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Collective ranching sustainable for Zimbabwe cattle farmers

Collective ranching sustainable for Zimbabwe cattle farmers

CHIKOMBEDZI, (CAJ News) COMMUNITY ranching – whereby villagers’ cattle will be kept and grazed together – is anticipated to address numerous problems in southeast Zimbabwe where locals are losing beasts to rustlers, villagers are destroying parts of a national park and people are in contact with dangerous animals.

Cattle ranching in Chikombedzi, Chiredzi

The initiative is to be introduced in August this year in the drought-prone rural Chikombedzi area of Chiredzi district south in the Masvingo Province along Limpopo.

It is anticipated community ranching will also create order as currently, livestock graze haphazardly.

The community has since identified bomas (livestock enclosures) that will accommodate 3 000 cattle. Locals have also proposed alternative pastures for livestock currently under drought spell at Naivasha area, which is under the Gonarezhou National Park.

Having the park at the vicinity has heightened human-wildlife conflict as wild animals stray into communities.

Villagers have also cut some parts of the park’s perimeter fence to allow cattle to graze, thereby exposing livestock to diseases like foot-and-mouth.

Community ranching is also set to curb cattle rustling that has seen the community losing over 1 000 cattle per year, sometimes to rustlers from neighbouring Mozambique.

Security for livestock will be guaranteed at the grazing pastures as villagers will be organised to look after their cattle at the bomas.

According to a model plan by Chinhoyi University of Technology, the grazing pastures would be irrigated from boreholes to be sunk in the area.

The community has since sourced project partners that will drill the boreholes to water cattle as well as pasture grass during the pastures’ restoration process.

The pasture restoration programme entails planting of pasture grass and shrubs suitable for livestock feed.

Hebert Phikela, the director for Gaza Trust, a non-governmental organisation specialising in community development in Chiredzi South, told this publication that the move to access alternative pastures in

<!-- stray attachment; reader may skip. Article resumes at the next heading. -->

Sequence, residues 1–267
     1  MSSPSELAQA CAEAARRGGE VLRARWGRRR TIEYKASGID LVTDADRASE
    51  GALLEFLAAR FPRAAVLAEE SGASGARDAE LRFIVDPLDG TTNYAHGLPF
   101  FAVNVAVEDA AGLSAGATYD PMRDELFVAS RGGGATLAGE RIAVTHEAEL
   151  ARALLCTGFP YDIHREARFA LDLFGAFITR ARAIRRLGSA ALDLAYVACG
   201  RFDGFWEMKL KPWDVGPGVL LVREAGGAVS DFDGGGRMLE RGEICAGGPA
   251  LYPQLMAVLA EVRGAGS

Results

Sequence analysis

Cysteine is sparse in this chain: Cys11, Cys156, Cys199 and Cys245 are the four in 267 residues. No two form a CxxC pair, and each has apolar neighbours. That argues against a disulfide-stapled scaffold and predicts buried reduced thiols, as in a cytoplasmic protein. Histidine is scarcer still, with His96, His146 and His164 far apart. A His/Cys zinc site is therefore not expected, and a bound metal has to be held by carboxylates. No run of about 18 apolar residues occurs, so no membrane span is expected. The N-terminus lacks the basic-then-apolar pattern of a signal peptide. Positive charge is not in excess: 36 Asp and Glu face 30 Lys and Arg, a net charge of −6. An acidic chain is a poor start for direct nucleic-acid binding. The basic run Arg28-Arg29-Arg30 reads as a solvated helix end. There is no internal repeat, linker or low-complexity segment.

Naivasha needed approval from responsible authorities, Gonarezhou Conservation Trust and the Ministry of Environment and Tourism.

“We have realised that farmers are losing a lot of cattle dying of hunger. pastures will be monitored to provide food to livestock throughout the year, thus we want to ensure that we won’t have any cattle dying,” Phikela said.

He was however wary the request to use Naivasha area as alternative grazing areas would set a precedence to other communities that might end up requesting pastures in national parks.

Prof. Herbert Chimhundu of the Chinhoyi University of Technology, who is leading a team of livestock experts that is partnering Gaza Trust, said community ranching would be beneficial to cattle rearers.

“This is a programme that I am too confident will bring joy and alleviate lives of Chikombedzi cattle farmers. It is effective and economic,” he said.

Chimhundu said in addition, community ranching would enable breeding of cattle in the region.

“We are proposing to bring quality cattle breeds in that area since we are going to do artificial insemination,” he said.

Willie Makoti, who is Chief Sengwe, welcomed the initiative to collectively ranch cattle.

“Our area is too dry because of low rainfall. Our grazing pastures dwindled. Many people were resorting to grazing their cattle in Mozambique. We no longer have adequate grazing lands and we are losing cattle every month, especially this year and last year,” the chief stated.

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